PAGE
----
Wednesday, September 29, 2010

Obamacare endangers health coverage for 1.4 million workers

The Wall Street Journal reports (hat tip: HAP):
McDonald's Corp. has warned federal regulators that it could drop its health insurance plan for nearly 30,000 hourly restaurant workers unless regulators waive a new requirement of the U.S. health overhaul.
McDonald's currently offers "mini-med" plans for its low-wage workers. Owing in part to frequent worker turnover, these plans have higher administrative costs so that they cannot meet the payout ratio of 80 to 85% that Obamacare requires. 1.4 million US workers have mini-med plans and, unless the rules change, could lose coverage.

What made Congress think it was smart enough to determine the right payout ratio? In other industries, payout ratios (or the ratio of product direct cost to price) depend on many factors and vary widely. As long as consumers are free to choose the product that best suits them, this is a not a problem. Now that Congress has set payout ratio requirements for medical care, there will likely be a long series of "unintended consequences." Taking just one as an example, health insurance companies spend a lot of money fighting insurance fraud. Obamacare's requirements for a high payout ratio limit this and could result in insurance fraud becoming more common: the criminals will get rich and the rest of us will pay for it with higher premiums.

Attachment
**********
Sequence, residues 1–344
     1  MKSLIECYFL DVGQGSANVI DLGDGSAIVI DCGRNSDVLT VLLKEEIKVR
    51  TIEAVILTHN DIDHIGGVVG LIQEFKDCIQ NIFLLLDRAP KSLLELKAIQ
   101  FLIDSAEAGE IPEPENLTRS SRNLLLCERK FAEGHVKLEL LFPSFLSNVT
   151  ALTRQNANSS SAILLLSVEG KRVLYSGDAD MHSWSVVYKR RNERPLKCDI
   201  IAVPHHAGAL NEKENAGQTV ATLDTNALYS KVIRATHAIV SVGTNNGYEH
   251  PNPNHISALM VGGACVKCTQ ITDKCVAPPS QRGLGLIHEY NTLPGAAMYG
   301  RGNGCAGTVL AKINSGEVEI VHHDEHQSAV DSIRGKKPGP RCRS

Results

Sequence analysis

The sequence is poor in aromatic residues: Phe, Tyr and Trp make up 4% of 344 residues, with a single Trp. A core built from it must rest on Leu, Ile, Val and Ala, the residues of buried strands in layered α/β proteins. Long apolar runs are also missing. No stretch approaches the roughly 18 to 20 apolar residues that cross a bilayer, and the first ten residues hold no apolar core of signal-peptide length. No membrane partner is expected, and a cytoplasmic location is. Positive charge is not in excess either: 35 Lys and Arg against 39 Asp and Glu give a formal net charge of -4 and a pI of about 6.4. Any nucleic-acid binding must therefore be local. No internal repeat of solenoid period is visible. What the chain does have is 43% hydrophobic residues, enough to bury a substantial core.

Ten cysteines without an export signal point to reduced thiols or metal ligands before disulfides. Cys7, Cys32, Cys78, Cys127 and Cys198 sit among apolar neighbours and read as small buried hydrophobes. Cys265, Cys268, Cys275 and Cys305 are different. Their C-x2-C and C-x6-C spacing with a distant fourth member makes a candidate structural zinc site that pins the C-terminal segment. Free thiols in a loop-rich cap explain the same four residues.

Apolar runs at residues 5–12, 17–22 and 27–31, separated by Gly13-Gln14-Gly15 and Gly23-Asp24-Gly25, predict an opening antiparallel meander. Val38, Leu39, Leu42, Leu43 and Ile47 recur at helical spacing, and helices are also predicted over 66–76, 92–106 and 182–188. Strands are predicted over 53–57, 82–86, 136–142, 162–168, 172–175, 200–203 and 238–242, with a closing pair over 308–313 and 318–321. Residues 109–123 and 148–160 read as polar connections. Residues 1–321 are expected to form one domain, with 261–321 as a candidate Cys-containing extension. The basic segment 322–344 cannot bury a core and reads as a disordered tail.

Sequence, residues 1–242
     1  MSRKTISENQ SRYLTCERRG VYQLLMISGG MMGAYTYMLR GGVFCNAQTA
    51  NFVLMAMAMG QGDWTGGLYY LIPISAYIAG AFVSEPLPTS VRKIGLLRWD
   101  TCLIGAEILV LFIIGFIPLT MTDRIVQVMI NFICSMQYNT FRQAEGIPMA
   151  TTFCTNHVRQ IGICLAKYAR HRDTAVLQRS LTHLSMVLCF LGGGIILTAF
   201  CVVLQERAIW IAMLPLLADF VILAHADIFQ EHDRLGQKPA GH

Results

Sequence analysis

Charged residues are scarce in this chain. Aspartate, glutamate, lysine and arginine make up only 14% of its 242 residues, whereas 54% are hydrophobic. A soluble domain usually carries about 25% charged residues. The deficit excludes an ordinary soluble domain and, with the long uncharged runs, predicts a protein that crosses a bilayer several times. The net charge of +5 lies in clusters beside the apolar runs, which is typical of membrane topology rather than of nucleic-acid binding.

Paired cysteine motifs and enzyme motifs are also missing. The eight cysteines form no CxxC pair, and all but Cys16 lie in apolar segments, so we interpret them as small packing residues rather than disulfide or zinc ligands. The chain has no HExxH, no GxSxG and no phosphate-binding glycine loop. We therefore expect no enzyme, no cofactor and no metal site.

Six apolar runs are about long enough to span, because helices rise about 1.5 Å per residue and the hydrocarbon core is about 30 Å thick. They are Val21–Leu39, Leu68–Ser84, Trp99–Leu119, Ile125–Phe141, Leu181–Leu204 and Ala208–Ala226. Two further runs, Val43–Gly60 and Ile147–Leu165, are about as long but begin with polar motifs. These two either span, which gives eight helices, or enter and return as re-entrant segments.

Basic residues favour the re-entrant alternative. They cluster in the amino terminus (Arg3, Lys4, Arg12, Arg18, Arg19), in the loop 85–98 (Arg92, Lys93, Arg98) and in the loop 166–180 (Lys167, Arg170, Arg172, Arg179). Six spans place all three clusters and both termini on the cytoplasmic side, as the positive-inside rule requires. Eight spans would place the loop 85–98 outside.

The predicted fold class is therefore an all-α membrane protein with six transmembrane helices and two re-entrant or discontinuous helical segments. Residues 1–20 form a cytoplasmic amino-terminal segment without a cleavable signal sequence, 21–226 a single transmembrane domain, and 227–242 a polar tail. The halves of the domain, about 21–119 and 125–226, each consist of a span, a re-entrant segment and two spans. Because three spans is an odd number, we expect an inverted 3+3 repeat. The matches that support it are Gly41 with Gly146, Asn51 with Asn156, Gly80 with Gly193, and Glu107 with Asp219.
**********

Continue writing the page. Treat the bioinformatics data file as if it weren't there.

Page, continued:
UPDATE: The government grants waivers.

PREVIOUSLY on the subject of ObamaCare:
ObamaCare threatens child-only insurance
Medical insurance prices rising due to ObamaCare
Obamacare endangers student health
Obama's health care and economic policies explained
Obamacare may raise insurance costs by 54%
Harvard economist explains why Obamacare will raise premiums
HHS says Obamacare will cause costs to go up and cause employers to drop coverage

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